And Donald Trump led the way. He bought ads in four New York City newspapers calling for the death penalty: ""How can our great society tolerate the continued brutalization of its citizens by crazed misfits? Criminals must be told that their CIVIL LIBERTIES END WHEN AN ATTACK ON OUR SAFETY BEGINS!""
Thirteen years later, after their convictions were overturned, Trump still dared to insist that the Central Park Five were guilty. Too bad there's no due process for the Central Park Five to see justice done regarding their persecutor-in-chief.
In response to Trump's sudden appreciation for "due process," Central Park Five member Raymond Santana responded by Twitter: "You should have spoke like that back in 1989...#thecentralpark5, you called for the #deathpenalty, we were 14 & 15 years old."
TRUMP ISN'T the only one cynically using concerns about due process to criticize women for speaking out in the months since #MeToo captured national attention.
Since the Internet campaign to break the silence about sexual harassment and assault began last fall, dozens of high-profile men in Hollywood, the media and government office have been forced to respond to women speaking truth to power--and in stark contrast to the situation before #MeToo, some of the abusers lost their jobs and careers over it.
Not everyone is happy with this development, of course. Some people--the accused and their defenders, but not only them--are claiming that #MeToo is having too large an impact, too quickly.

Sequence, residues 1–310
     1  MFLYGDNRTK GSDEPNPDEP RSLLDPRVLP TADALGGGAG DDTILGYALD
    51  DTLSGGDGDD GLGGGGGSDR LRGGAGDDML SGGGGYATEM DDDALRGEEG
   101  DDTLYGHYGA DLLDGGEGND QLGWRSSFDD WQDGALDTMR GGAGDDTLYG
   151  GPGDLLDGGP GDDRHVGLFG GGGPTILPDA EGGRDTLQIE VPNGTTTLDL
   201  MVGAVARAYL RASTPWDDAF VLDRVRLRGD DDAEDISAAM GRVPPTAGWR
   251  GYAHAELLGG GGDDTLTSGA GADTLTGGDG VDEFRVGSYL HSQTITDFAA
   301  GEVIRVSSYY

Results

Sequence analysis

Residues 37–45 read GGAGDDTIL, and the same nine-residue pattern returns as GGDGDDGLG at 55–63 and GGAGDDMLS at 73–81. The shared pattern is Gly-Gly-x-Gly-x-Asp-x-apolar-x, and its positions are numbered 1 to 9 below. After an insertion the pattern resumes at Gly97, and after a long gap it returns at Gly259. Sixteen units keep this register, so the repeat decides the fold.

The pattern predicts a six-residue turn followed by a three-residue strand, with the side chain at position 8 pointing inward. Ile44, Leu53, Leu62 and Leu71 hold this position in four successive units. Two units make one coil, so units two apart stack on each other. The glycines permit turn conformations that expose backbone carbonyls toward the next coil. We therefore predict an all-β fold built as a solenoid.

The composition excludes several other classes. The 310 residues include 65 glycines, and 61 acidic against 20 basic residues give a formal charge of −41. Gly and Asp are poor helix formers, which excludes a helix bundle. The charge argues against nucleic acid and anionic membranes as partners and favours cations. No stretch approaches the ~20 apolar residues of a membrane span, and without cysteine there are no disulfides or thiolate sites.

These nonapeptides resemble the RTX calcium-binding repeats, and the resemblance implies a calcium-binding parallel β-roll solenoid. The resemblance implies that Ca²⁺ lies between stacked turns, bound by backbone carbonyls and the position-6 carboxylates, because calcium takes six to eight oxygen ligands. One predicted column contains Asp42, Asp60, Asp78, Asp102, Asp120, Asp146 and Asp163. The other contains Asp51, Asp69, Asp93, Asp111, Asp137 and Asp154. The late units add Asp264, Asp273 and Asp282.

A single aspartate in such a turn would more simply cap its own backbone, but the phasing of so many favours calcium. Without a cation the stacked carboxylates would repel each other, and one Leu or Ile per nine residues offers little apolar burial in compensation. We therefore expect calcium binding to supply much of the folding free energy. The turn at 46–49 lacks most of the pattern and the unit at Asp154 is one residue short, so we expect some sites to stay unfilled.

But their problem isn't with "due process" itself. It's with women speaking out and seeking their own process of any kind, which was denied to them in the past. The #MeToo movement has not only exposed how routine sexual harassment and abuse is, but the fact that women had no way to combat it until they spoke out.
The mechanisms that are supposed to protect women from abusers are woefully inadequate at best--while the ones that protect abusers work all too well.
In Porter's case, his past abuse of partners was well known to the FBI, which is supposed to conduct an investigation of White House staff for them to obtain top security clearance.
The FBI informed the White House of the charges--which kept Porter from obtaining a permanent security clearance. But it didn't stop him from getting and keeping a top job in the White House--in fact, Porter helped write Trump's State of the Union address last month.